Lesson 16 Quiz
  • In this lesson, you will take a quiz on adult

Aging and Death
  • 17. Aging Go
  • 18. Death and Grief Go
  • 19. Mortuary Science Go
  • 20. Quiz Go

Lesson 17 Aging
  • The study of aging is called gerontology.
  • As people age, their bodies begin a process of
    decline in every major system.
  • There are several theories in regards to the
    cause of aging.
  • Decline of cell reproduction
  • Nutrition, injury, disease, and the environment
  • Aging viruses
  • Free radicals

Lesson 17 Skeletal System
  • As early as age 40, the bone mass and density
    begin to diminish.
  • People can lose some height as the cartilage
    disks between the vertebrae shrink.
  • The shortening of the spinal column causes a
    shift in weight, which alters posture.
  • Range of motion and flexibility decrease as
    joints lose water and start to fuse and ligaments
    and tendons harden.

Lesson 17 Muscular System
  • Atrophy is the wasting away of tissue.
  • Regular exercise can do much to counteract the
    affects of aging on the muscular system.

Lesson 17 Cardiovascular System
  • Fibrous tissue begins to replace the muscle
    tissue of the heart. As a result
  • The heart becomes less adept at contracting and
  • The valves become thicker, making it more
    difficult to fully close.
  • In general the heart becomes far less efficient
    at pumping blood. Therefore, the output of the
    heart decreases.

Lesson 17 Nervous System
  • The cerebral cortex portion of the brain slowly
    decreases in size, which causes impaired
    thinking, reasoning, and remembering.
  • Neurons die at an increased rate and those that
    remain are degenerating, which results in
  • Slower nerve conduction
  • Slower reaction times
  • Decreases in motor and sensory abilities

Lesson 17 Integumentary System
  • Glands produce less lubrication to the skins
    surface, leaving the skin dry and fragile.
  • Skin loses elasticity due to the shrinking of
    elastin fibers.
  • The loss of subcutaneous fat produces sagging,
    wrinkles, and lines.
  • The skin becomes more sensitive to UV rays from
    the sun.

Lesson 17 Reproductive System
  • Sexual dysfunction could appear in the form of
    function, pleasure, and desire.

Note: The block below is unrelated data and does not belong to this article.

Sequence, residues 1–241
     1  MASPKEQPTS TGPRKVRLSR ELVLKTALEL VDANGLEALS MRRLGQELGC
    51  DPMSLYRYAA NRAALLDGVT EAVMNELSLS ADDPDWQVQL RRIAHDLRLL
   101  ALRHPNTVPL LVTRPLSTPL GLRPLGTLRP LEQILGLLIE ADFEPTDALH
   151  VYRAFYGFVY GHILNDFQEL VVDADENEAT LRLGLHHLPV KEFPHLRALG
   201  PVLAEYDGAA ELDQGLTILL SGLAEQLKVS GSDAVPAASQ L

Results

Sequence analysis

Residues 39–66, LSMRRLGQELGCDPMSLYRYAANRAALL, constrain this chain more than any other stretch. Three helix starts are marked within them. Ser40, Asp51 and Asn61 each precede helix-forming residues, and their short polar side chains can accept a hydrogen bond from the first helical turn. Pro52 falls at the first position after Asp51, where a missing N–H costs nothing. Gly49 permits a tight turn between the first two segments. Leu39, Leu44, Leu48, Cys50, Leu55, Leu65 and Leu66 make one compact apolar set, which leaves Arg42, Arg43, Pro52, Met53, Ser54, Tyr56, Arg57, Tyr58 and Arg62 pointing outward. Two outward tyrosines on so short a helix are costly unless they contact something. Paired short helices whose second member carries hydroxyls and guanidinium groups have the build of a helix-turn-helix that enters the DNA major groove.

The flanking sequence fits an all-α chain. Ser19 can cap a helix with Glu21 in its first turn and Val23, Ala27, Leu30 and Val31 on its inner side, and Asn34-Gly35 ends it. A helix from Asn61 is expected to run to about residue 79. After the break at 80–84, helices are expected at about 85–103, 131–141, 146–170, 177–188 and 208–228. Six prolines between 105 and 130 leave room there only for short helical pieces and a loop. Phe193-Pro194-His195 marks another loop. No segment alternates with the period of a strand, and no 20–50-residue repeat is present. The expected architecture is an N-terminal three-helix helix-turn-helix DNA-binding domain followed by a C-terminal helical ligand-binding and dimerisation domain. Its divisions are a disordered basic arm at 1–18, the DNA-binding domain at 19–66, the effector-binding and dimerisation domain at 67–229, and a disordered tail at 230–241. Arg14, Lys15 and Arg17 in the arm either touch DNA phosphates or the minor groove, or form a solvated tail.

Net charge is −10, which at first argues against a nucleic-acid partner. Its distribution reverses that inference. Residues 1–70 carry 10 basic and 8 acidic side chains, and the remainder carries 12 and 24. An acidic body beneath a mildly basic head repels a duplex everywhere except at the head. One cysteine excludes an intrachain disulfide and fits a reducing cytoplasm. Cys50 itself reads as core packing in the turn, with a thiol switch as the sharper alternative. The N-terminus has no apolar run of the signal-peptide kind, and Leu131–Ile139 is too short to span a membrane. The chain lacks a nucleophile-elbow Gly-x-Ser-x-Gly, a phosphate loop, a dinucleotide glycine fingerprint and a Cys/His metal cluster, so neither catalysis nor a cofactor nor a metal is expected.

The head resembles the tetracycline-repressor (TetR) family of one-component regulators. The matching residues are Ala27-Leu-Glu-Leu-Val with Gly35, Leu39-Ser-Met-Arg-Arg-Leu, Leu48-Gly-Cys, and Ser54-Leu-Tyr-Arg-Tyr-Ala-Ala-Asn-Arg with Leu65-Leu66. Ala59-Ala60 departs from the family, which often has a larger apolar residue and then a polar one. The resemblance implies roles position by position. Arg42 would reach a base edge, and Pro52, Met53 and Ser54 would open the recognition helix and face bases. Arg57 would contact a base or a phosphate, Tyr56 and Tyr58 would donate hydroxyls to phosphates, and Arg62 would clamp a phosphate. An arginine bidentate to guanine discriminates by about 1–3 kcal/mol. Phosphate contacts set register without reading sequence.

• Females
  • Menopause
  • Decrease of estrogen and progesterone
  • Androgen continues to be produced
  • Males
  • Decrease of testosterone
  • Decrease of sperm count
  • Difficulty maintaining an erection

Lesson 17 Urinary System
  • The kidneys shrink.
  • A decrease in blood flow to the kidneys
    diminishes its ability to cleanse the blood
    stream of waste.
  • People may experience a loss of muscle control in
    the bladder and sphincters.
  • Problems with glucose control could lead to

Lesson 17 Digestive System
  • Peristalsis decreases, which can cause
  • Constipation
  • Diverticulosis
  • Difficulty swallowing and digesting food
  • Ability to taste decreases with age.
  • Less saliva is produced, and gum disease and loss
    of teeth can occur.

Lesson 17 Endocrine System
  • Both men and women experience a decline in
    adrenal gland production.
  • Women also experience a reduction of estrogen and
  • For men, the prostate gland becomes larger while
    the production of testosterone from the testes

Lesson 17 Immune System
  • The immune system becomes weaker, which leaves
    the elderly vulnerable to infectious diseases.
  • Because of their weakened immune systems, the
    elderly are encouraged to get flu vaccinations
    prior to flu season.

Lesson 17 Respiratory System
  • The exchange of oxygen and carbon dioxide
  • As a result
  • Irregular activity quickly leaves the elderly
  • The elderly are at much greater risk of